Right around exactly a year ago, Kingdom of Ash, the final novel of Sarah J. Maas’ Throne of Glass series released in hardcover, and I found that a bunch of my friends were reading it and talking about it, and talking about it with the sort of reverence only due to the end of a major, major series. And I’d … never heard of it. I eventually bought the first book, though– any time more than a couple of my friends start talking about a book at the same time I’m going to check it out; I’m predictable that way– although I didn’t get around to actually reading Throne of Glass until February.
That was seven books and five thousand and eight pages ago. The final book came out in paperback a couple of weeks ago; I’d been spacing out my reads so that I didn’t finish the series too far away from the last book’s release, but if you click through my Monthly Reads you’ll notice I’ve read a book or two from this series most months since reading the first one in February. And I finished the final book, the thousand-page Kingdom of Ash, perhaps fifteen minutes ago.
I need y’all to understand something.
Fantasy literature is in my damn blood, kids. I first read The Lord of the Rings— the entire trilogy, plus The Hobbit— in second grade. I have been reading epic fantasy for my entire life. I am fully and entirely qualified to make the statement that I am about to make.
The fact that Sarah J. Maas’ name is not spoken among the fantasy literature community with the same reverence as Tolkien, or Eddings, or Brooks, or Sanderson, or Jordan, or Rothfuss, or Martin, or any of those motherfuckers is a Goddamned crime, and I can attribute said omission to nothing other than the purest sexism.
In fact, I would go farther: Throne of Glass is better than a lot of these men’s magnum opus megaseries are. It is, for example, undeniably better than Wheel of Time or A Song of Ice and Fire, although I admit no individual book is as good as A Game of Thrones. It is better than Sanderson’s Stormlight Archive. Better than, if not, perhaps, as beautifully written as Rothfuss’ Name of the Wind.
And because Sarah Maas is a woman, and because the series was (criminally, incorrectly) slotted into YA, a designation that I think probably hurt a couple of the early books until she was selling enough to be able to write whatever she wanted, I had never heard of the Goddamned series until my (entirely, incidentally, female) friends told me about it.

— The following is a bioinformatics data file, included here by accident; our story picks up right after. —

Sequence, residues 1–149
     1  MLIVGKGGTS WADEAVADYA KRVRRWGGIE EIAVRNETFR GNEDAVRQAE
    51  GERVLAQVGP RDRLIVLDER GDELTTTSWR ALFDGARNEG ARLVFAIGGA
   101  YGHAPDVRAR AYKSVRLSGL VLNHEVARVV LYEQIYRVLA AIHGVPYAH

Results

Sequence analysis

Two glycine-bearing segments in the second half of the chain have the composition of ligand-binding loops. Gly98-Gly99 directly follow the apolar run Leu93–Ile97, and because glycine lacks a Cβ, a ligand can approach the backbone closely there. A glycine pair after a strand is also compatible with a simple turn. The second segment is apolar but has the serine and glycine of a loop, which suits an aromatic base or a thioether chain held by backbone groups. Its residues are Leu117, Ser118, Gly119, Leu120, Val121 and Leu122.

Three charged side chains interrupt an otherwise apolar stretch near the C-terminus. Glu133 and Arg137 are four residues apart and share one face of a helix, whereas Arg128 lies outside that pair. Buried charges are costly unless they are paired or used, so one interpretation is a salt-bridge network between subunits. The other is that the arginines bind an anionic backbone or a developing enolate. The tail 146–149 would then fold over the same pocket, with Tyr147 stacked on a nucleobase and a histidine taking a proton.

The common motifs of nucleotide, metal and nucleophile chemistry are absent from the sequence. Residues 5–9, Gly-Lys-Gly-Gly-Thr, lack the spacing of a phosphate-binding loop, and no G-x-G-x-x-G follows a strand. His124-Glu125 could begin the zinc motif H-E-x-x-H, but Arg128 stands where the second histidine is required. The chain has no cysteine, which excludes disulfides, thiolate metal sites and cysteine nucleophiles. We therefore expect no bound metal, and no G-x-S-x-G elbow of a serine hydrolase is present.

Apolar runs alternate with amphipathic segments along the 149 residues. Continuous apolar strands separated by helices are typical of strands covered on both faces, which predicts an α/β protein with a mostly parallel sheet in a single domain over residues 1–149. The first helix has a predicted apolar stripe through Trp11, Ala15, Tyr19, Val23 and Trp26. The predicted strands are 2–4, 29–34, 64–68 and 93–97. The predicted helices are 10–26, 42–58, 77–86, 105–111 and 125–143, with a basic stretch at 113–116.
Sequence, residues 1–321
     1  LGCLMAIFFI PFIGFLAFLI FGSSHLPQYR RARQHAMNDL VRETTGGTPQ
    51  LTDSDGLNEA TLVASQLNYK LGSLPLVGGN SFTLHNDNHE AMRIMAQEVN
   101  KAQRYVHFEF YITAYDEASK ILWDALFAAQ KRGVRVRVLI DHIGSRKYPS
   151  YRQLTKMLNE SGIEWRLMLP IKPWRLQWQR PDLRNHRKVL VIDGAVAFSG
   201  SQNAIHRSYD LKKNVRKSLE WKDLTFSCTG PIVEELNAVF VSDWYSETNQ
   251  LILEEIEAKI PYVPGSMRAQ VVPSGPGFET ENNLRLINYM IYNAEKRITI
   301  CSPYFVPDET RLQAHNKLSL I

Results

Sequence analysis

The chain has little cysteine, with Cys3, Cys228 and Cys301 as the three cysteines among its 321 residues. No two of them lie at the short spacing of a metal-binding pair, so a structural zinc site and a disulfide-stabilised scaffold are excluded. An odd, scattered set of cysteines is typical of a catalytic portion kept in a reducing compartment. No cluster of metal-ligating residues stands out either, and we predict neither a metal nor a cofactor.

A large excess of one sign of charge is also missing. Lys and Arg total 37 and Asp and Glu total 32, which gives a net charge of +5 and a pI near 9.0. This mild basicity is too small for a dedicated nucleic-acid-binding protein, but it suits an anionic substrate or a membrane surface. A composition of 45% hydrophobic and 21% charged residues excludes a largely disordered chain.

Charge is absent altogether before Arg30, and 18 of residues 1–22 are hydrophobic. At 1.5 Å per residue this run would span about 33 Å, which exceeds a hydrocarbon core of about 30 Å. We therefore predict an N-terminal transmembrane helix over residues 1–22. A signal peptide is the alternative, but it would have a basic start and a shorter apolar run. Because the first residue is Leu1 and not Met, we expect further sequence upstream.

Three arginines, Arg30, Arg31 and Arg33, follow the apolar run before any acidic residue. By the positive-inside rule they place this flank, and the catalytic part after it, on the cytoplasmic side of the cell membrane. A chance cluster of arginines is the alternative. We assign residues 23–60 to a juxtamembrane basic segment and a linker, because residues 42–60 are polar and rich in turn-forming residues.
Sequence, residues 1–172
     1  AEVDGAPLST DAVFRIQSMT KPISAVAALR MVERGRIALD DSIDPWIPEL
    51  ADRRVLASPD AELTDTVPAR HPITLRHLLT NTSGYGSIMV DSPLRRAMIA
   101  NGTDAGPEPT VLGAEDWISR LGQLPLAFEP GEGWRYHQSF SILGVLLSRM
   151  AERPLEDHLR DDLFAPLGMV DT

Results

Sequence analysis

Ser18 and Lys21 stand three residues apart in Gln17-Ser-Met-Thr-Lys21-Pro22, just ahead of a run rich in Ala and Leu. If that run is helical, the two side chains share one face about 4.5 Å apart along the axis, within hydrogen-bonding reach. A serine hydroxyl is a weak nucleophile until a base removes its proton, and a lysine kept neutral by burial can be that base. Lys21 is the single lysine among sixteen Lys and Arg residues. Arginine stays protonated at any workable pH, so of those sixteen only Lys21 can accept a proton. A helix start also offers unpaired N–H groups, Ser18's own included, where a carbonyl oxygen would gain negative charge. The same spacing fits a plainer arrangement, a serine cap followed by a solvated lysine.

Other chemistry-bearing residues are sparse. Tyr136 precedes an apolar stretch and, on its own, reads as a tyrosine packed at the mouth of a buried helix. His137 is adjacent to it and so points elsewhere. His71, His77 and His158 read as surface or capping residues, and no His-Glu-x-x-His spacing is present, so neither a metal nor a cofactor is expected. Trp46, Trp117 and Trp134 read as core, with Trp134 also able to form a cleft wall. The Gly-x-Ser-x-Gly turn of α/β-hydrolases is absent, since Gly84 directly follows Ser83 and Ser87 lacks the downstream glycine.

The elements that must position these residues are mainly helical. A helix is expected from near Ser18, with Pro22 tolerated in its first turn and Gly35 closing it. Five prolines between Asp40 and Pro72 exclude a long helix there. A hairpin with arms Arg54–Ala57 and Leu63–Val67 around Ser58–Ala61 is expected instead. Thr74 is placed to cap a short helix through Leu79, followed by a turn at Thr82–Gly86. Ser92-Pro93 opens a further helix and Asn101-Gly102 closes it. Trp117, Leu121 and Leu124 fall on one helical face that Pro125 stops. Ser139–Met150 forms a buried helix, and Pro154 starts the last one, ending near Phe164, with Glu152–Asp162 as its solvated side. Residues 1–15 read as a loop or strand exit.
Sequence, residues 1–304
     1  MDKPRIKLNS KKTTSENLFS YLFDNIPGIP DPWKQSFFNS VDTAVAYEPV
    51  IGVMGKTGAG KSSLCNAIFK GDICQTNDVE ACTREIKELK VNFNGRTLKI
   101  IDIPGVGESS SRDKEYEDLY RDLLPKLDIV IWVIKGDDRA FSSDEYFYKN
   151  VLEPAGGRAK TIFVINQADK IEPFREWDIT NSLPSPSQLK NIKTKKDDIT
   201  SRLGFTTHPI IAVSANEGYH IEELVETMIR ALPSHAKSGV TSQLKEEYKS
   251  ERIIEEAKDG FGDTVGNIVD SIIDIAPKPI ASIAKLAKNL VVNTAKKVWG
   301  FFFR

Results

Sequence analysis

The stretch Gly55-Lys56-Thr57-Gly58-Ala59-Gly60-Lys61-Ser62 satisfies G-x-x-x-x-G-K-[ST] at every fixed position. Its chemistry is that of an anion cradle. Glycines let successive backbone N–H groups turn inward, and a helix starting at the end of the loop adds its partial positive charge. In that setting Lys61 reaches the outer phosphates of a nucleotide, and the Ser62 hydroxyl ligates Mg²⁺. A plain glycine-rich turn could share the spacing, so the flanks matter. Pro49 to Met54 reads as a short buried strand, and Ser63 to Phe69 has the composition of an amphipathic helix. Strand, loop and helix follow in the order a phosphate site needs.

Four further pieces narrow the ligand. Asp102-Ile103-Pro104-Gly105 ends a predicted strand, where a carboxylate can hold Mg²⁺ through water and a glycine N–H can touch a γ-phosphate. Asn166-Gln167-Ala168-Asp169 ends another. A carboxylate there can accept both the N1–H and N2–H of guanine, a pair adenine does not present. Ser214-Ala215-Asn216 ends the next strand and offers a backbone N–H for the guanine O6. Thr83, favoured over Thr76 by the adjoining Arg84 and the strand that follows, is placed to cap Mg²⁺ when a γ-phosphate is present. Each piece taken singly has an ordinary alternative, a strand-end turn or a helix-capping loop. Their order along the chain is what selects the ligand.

George Martin is taking literal entire generations to produce individual books. Rothfuss’ The Wise Man’s Fear released in 2011, four years after The Name of the Wind, and the third book has no release date. Sarah J. Maas released the first book of Throne of Glass in 2012 and it is 2019 and the series is done. Or, to put it another way, the entire five thousand page series has been released since A Dance With Dragons or Wise Man’s Fear came out.
When these long series come out, the tendency is to go to filler early and painfully. The entire second book of the Wheel of Time series could have been reduced to a prologue chapter of the third book. Martin’s tendency to pad out his work until it is completely out of control is legendary. And a certain other series that just launched recently managed to feature unnecessary filler material in its first book.
The series comprises six main books, a three-novella prequel novel, The Assassin’s Blade, that should be read second, and a “side novel,” Tower of Dawn, that should be read in between the fifth and sixth main-sequence books, and in that entire time the only time I felt like the series was spinning its wheels was in Heir of Fire, which spends a lot of time doing plot work before blowing a hole in the entire series and upending everything you thought you knew in the last hundred and fifty pages or so. There’s no fucking filler.
I am prone to hyperbole, I say that all the time, and I nonetheless cannot overstate what an amazing achievement this series is, and how grateful I am that so many people made sure I had seen it. If you’ve ever read a fantasy megaseries in your life, you owe it to yourself to read these. They are a highlight of an extraordinary year of reading. Go get started; it’ll take you a while.